Modern ropes have eclipsed wire halyards in every way I can think of.  I'm partial to New England Ropes' VPC in 3/8" (10 mm).  This size is overkill for strength, but is about the smallest size you can comfortably handle by hand.  Anything smaller is hard to grip.

https://www.neropes.com/products/performance/product/detail/vpc/
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Alma

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Re: Rope Halyard
« Reply #8 on: February 11, 2021, 04:42:58 PM »
Thanks Ed.

Since the existing sheeves handle the rope side of my wire/rope halyards with their shape why would I need to swap out good working shelves.

Wouldn't the new halyard roll in the shelves like the rope half does now? Is the 1/4" size smaller that big of a deal?

Thanks again,

Gene

Dolce_Vita

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Re: Rope Halyard
« Reply #9 on: February 12, 2021, 02:16:26 PM »
I don't honestly know. I deferred to the expertise of others on this point.  The folks at Zepherwerks were pretty strong about getting the radius and depth of the groove to match the line used. The prevailing concern seemed to be that line sat at least halfway into the groove in order to minimize the chance that it could ride up out of the sheave and jam in the box.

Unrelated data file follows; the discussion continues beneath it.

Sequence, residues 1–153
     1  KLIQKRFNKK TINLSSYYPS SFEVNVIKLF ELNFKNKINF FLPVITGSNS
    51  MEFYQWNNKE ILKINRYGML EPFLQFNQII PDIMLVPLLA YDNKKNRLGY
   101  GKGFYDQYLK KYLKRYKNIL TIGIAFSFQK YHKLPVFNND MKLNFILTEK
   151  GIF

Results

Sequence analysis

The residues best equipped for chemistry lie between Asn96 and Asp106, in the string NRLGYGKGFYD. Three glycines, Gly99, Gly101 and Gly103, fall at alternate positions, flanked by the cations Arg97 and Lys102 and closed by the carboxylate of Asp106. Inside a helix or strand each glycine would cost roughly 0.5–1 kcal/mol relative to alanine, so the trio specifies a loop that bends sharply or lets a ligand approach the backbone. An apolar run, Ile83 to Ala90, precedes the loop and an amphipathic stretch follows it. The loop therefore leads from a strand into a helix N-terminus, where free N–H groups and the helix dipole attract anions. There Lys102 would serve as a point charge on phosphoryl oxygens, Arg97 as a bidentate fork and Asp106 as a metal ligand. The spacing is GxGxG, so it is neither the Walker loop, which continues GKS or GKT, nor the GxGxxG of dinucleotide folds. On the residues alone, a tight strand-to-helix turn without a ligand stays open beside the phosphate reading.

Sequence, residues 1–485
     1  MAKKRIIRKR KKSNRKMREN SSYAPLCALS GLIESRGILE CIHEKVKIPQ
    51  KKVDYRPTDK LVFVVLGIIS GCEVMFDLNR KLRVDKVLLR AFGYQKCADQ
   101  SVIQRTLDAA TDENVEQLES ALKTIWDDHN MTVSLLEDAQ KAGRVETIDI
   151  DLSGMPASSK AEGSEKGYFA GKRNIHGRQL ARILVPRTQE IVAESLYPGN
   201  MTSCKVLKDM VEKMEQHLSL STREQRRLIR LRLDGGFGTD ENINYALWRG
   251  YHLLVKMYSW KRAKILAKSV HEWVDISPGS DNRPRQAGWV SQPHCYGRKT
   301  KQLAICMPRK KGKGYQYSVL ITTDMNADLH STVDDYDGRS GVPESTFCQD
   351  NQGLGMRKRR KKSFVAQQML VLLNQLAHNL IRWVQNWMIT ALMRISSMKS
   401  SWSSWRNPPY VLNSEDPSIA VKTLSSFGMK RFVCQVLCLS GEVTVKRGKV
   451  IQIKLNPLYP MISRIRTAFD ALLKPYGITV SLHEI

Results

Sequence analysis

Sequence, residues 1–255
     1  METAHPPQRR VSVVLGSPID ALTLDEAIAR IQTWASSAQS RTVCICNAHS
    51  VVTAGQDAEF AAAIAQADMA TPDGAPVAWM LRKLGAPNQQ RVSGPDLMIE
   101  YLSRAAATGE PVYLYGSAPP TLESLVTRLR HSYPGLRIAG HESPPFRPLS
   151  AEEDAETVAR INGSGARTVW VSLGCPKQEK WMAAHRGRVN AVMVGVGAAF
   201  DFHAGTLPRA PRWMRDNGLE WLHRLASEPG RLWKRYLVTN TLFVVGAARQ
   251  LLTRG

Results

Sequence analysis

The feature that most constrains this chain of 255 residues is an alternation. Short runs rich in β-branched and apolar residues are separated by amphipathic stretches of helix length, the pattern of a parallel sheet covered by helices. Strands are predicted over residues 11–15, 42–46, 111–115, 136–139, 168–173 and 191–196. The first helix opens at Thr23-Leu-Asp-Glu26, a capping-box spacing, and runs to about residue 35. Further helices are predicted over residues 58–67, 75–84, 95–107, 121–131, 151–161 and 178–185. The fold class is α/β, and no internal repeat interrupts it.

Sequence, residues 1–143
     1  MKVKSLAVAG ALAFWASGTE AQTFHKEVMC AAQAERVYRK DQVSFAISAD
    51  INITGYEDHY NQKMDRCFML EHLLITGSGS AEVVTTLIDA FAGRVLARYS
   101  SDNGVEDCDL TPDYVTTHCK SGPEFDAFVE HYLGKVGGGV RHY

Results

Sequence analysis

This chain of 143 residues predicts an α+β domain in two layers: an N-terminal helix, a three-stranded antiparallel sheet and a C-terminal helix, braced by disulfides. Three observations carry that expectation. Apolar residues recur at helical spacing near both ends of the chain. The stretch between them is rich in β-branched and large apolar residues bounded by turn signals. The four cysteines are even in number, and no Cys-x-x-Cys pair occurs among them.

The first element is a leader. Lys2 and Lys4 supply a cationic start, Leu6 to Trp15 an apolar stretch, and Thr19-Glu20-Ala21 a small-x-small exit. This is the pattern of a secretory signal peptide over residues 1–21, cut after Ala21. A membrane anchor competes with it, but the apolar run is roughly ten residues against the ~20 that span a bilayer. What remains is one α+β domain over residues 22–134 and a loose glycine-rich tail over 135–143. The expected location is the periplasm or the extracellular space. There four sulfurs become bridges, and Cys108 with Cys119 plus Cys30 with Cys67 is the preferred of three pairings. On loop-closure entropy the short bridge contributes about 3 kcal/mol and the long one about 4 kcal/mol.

I suspect that the sheaves used for wire/rope halyards would cause additional wear on the line as compared to a "rope only" sheave.  Researching other's opinions on various forums, the prevailing concern was that wire is very hard on aluminum sheaves, leaving the surface very rough, and this roughness would accelerate wear on the rope.  I know that my old sheaves were indeed torn up pretty good (see attached).   

So, a lot of speculation but not much hard evidence, one way or the other.
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Alma

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Re: Rope Halyard
« Reply #10 on: February 12, 2021, 10:06:18 PM »
I'm curious about mine. I don't remember any roughness when I cleaned them up.

Maybe I give them a try and keep an eye on the line.


Dolce_Vita

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Re: Rope Halyard
« Reply #11 on: February 13, 2021, 02:33:12 PM »
Sounds like a plan.

We sort of hijacked this thread.  I hope the original poster, Bill1188, got the answers he needed..
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Re: Rope Halyard
« Reply #12 on: February 17, 2021, 11:34:11 AM »
Halyards on sale at MAURIPRO!

They have halyards specifically rigged for Pearson 323 too!

Alma

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Re: Rope Halyard
« Reply #13 on: February 17, 2021, 11:35:47 AM »
Length-

Bill1188

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Re: Rope Halyard
« Reply #14 on: February 18, 2021, 08:04:37 PM »
I did get the answer I was looking for. Last spring I replaced the sheaves as the wire portion of the halyard had dug a groove in the metal and got jammed. New sheaves can be used with either wire or rope. I'm electing to go with rope to avoid the metal on metal wear.